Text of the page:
Short Bursts of Risk Exposure In Options Create Opportunity in Penske Automotive Group Inc

Penske Automotive Group Inc (NYSE:PAG) : Short Bursts of Risk Exposure In Options Create Opportunity

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The results here are provided for general informational purposes, as a convenience to the readers. The materials are not a substitute for obtaining professional advice from a qualified person, firm or corporation.

With the market's direction becoming tenuous, we can explore option trading opportunities in Penske Automotive Group Inc (NYSE:PAG) that do not rely on stock direction.Over both the most recent bull market and the last bear market from 2007-2008, for stocks with certain tendencies, there has been a shrewd approach to trading pre-earnings volatility with options.

The goal is to find trades that expose risk in short-bursts of time, with out-sized historical gains relative to historical losses.

The Trade Before Earnings in Penske Automotive Group Inc
Let's examine the results of getting long a weekly at the money straddle 4-calendar days days before earnings, and then sell out of that position one-day before the actual release earnings.

Here is the setup:

We are testing opening the position 4 calendar days pre-earnings event and then closing the straddle 1 day before earnings. This is not making any earnings bet. This is not making any stock direction bet.

Once we apply that simple rule to our back-test, we run it on an at-the-money straddle:

If we did this long at-the-money (also called '50-delta') straddle (using the options closest to one-week in expiration) in Penske Automotive Group Inc (NYSE:PAG) over the last two-years but only held it before earnings we get these results:

Long At-the-Money Straddle

% Wins: 50.00%
Wins: 4 Losses: 4
% Return:  25.6% 

Tap Here to See the Back-test

The mechanics of the TradeMachine™ are that it uses end of day prices for every back-test entry and exit (every trigger).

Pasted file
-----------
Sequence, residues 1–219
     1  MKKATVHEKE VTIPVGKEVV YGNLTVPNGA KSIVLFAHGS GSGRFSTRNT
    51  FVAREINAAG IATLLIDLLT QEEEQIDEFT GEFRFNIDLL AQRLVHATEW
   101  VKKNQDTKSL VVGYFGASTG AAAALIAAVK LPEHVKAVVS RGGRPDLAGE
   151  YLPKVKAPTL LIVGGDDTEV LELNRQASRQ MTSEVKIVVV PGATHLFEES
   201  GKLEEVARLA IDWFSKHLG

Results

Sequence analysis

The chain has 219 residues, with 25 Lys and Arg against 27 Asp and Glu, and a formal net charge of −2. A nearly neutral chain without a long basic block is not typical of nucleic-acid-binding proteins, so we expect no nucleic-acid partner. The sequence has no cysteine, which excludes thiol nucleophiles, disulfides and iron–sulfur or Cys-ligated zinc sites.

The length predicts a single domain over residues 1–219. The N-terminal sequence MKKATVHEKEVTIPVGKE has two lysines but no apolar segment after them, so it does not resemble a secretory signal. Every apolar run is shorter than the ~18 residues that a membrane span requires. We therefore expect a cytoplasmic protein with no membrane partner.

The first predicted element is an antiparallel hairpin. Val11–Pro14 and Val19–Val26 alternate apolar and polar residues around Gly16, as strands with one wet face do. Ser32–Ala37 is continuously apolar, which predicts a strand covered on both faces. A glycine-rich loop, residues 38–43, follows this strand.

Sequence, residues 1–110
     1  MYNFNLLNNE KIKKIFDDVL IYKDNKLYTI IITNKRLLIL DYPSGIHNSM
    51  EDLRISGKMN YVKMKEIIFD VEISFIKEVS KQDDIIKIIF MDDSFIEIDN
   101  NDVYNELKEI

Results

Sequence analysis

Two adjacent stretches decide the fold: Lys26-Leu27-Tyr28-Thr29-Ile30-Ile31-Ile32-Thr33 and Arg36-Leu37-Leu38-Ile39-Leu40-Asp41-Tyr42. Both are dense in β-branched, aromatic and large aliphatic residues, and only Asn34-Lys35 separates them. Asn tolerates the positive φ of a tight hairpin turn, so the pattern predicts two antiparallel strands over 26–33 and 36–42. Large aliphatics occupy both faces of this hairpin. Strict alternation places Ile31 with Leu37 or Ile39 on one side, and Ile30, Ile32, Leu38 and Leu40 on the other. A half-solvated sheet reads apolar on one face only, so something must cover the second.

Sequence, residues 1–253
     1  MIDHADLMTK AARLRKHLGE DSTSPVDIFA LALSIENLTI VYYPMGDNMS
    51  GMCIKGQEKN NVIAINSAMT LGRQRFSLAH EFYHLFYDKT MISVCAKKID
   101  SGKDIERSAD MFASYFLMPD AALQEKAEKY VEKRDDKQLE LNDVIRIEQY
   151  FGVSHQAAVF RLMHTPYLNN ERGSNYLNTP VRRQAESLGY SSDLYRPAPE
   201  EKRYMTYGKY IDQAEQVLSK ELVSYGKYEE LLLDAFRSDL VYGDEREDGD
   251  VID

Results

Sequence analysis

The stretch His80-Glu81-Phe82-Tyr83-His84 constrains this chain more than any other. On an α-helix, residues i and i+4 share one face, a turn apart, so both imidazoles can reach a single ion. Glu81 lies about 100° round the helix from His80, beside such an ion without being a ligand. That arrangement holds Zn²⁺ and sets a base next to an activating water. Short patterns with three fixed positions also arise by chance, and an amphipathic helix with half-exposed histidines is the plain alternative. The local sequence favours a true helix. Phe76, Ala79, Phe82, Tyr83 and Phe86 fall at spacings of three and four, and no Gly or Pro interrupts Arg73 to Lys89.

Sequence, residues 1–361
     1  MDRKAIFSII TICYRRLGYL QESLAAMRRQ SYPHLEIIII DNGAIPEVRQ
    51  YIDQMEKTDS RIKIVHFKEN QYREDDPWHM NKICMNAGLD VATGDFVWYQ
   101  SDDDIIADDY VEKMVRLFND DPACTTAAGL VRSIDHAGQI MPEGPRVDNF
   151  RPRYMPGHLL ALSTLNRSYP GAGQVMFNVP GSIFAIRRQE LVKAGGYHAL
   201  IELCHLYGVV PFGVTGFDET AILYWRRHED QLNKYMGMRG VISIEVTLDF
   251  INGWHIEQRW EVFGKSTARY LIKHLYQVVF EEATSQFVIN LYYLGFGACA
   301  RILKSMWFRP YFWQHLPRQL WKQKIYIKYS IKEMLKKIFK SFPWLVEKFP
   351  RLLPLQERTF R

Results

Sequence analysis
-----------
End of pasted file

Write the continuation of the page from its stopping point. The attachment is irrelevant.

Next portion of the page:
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The results show a 25.6% return, testing this over the last 8 earnings dates in Penske Automotive Group Inc. That's a total of just 24 days (3 days for each earnings date, over 8 earnings dates). That's an annualized rate of 389.3%.

We can also see that this strategy hasn't been a winner all the time, rather it has won 4 times and lost 4 times, for a 50% win-rate and again, that 25.6% return in less than two-full months of trading.

Here is a 1-minute and 25-second video that shows you exactly how to do this for any stock and what every professional option trader would rather that you don't see.

Learn more here: Try the Back-tester Yourself

Setting Expectations
While this strategy has an overall return of 25.6%, the trade details keep us in bounds with expectations:
      The average percent return per trade was 4.45%.

Tested Across Bull and Bear Markets
While many times we can identify strategies that work during a bull or a bear market, this strategy, when we tested it empirically, worked during both. Here are the specifics:

Using the Nasdaq 100 and the Dow 30 as our study group, here are the average total returns by stock for the bull market from 2012-2018 (January) and 2007-2009, which includes the bear market, and the wild 2009 -- where the S&P 500 bottomed in March and then ripped higher -- in other words, a highly volatile time in the market.

As a quick reminder, here is the 2007-2009 period for the S&P 500:

Time Period Return by Stock
2012-2018 (January) +40%
2007-2009 +21%

Since we are looking at total returns, it turns out those time periods show nearly identical results (2012-2018 was six-years and 2007-2009 was three-years). Yet more impressive, the strategy showed a 57% win rate by stock during the wildly volatile 2007-2009 market.

These results are empirical, which is to say, they are objective. We are not inserting opinion.

This is it -- this is how people profit from the option market -- finding trading opportunities that avoid earnings risk and work equally well during a bull or bear market.

Please note that the executions and other statistics in this article are hypothetical, and do not reflect the impact, if any, of certain market factors such as liquidity and slippage.